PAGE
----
One Layer Vs. Two Layers (Inflatable Kayaks)

Some inflatable kayaks are made with an inner air bladder that holds the air and an outer layer for structure and abrasion resistance. Others are made with one layer of material that holds the air, provides structure, and abrasion resistance.

Many recreational inflatable kayaks use an inner bladder. All Aire inflatable kayaks use an inner bladder. Aire uses a urethane bladder. Some use a vinyl bladder. The urethane bladder is much better.

One Layer Vs. Two Layers (Inflatable Kayaks)

Photo by Marc Andre

One Layer Vs. Two Layers, Which Is Better?

Inflatable Kayaks Made Without An Inner Air Bladder


Advantages

Inflatable kayaks made without an inner air bladder are lighter, require much less maintenance, and much easier to repair.

They take five minutes to inflate, five minutes to deflate, and five minutes to prepare for winter storage.

This means more time on the water.

Disadvantages

If the one layer develops an air leak, then you have a problem. In good quality boats, this is uncommon; but still can happen. If it does, inflatable kayak repair is not that difficult. And, in good quality inflatable kayaks, punctures while you are on the water are rare.

Inflatable Kayaks Made With An Inner Air Bladder


Advantages

Inflatable kayaks made with an inner air bladder and an outer shell have more protection. In good quality inflatable kayaks, the ability to switch out air bladders can be an advantage.

This two layer system also keeps the inner bladder a little cooler. In hot conditions, this decreases air expansion, thus decreasing the possibility of “blowing a seam.” This is important in inflatable kayaks that use vinyl for their inner bladder.

Disadvantages

Inflatable kayaks made with an inner air bladder require much more maintenance, are heavier, and are more difficult to repair. Where there is water, there is grit and sand and small rocks. These are going to find there way between the outer shell and the inner air bladder. And, over time this wears on the boat. It’s tough to get between the two layers and get all of this out.

It’s also difficult to dry the area between the two layers. For long term storage, you want the boat as dry as possible. If there is moisture in the boat for long term storage, then mold and mildew often develop. This can damage your boat.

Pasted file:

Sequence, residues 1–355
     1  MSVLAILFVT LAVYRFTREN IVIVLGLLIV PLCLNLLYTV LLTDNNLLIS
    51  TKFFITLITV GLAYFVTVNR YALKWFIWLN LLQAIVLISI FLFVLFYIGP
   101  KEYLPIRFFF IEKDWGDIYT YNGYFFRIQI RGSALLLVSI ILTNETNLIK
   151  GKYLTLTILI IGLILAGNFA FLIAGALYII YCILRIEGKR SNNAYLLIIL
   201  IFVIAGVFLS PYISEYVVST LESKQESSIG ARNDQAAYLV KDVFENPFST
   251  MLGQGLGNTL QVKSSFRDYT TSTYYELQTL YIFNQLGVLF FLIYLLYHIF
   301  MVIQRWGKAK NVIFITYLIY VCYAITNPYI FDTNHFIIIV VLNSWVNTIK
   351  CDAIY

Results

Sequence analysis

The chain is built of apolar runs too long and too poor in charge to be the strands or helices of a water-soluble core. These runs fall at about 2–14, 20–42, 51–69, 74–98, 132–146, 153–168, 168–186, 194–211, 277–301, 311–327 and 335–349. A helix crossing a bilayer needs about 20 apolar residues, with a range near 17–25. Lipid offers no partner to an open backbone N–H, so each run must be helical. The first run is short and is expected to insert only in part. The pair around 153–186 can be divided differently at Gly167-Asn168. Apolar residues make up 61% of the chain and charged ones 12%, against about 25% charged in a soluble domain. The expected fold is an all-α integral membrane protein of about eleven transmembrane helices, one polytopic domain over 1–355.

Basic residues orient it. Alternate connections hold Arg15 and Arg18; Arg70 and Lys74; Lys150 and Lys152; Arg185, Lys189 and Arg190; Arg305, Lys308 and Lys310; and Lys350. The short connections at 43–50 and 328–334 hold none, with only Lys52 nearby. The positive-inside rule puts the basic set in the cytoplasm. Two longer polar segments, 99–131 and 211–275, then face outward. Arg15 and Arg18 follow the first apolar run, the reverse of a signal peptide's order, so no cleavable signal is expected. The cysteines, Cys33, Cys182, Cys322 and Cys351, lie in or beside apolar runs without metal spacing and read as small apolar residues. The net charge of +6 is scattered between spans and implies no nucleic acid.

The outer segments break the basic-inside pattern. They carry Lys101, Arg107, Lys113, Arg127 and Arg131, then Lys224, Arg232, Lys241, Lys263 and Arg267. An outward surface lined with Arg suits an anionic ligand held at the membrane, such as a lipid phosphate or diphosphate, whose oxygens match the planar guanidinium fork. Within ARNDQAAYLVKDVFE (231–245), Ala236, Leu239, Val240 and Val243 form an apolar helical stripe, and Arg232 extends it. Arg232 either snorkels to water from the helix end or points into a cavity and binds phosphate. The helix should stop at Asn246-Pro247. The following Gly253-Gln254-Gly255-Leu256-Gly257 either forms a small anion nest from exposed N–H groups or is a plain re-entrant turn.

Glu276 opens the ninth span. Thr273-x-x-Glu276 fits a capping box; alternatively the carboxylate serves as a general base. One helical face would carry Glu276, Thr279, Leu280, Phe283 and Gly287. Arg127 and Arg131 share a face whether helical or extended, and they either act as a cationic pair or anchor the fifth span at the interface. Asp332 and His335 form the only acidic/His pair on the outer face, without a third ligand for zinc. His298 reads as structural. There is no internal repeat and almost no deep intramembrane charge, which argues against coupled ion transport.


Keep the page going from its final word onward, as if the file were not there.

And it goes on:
Inflatable kayaks made with an inner air bladder are also much harder to repair. You often have to take the whole boat apart to find a leak and repair it.

The Bottom Line…

I’ve owned lots of inflatable kayaks with an inner air bladder and lots of inflatable kayaks with just one layer. There’s not a big difference in performance on the river, but once you are off the river, inflatable kayaks with an inner bladder require much more maintenance.

As I write this, I am in the middle of putting our rafts and inflatable kayaks up for winter storage. Moisture and grit are the enemy of inflatables once they are off the water. Leaving moisture (and to a lesser extent, grit) in your inflatable kayak while it is in storage will damage it and possibly destroy it.

For inflatable kayaks without an inner bladder, it takes me about five minutes to prepare it for winter storage. For an inflatable kayak with an inner bladder and an outer shell. It takes at least an hour of tedious cleaning and drying.

Choose the inflatable kayak that works for you, your paddling plans, your experience, and your budget; but if you choose an inflatable kayak with an inner bladder, plan to spend extra time on repair and maintenance.

Proper cleaning of an inflatable kayak with an inner bladder takes time and effort and is tedious. It doesn’t take a lot of skill, just time and persistence. I hate to do it, but I still do it.

If you think you’ll take this extra time; then consider inflatable kayaks with an air bladder. Be honest with yourself. If you are going to store your inflatable kayak without extensive cleaning, then try to avoid ones with an inner bladder.

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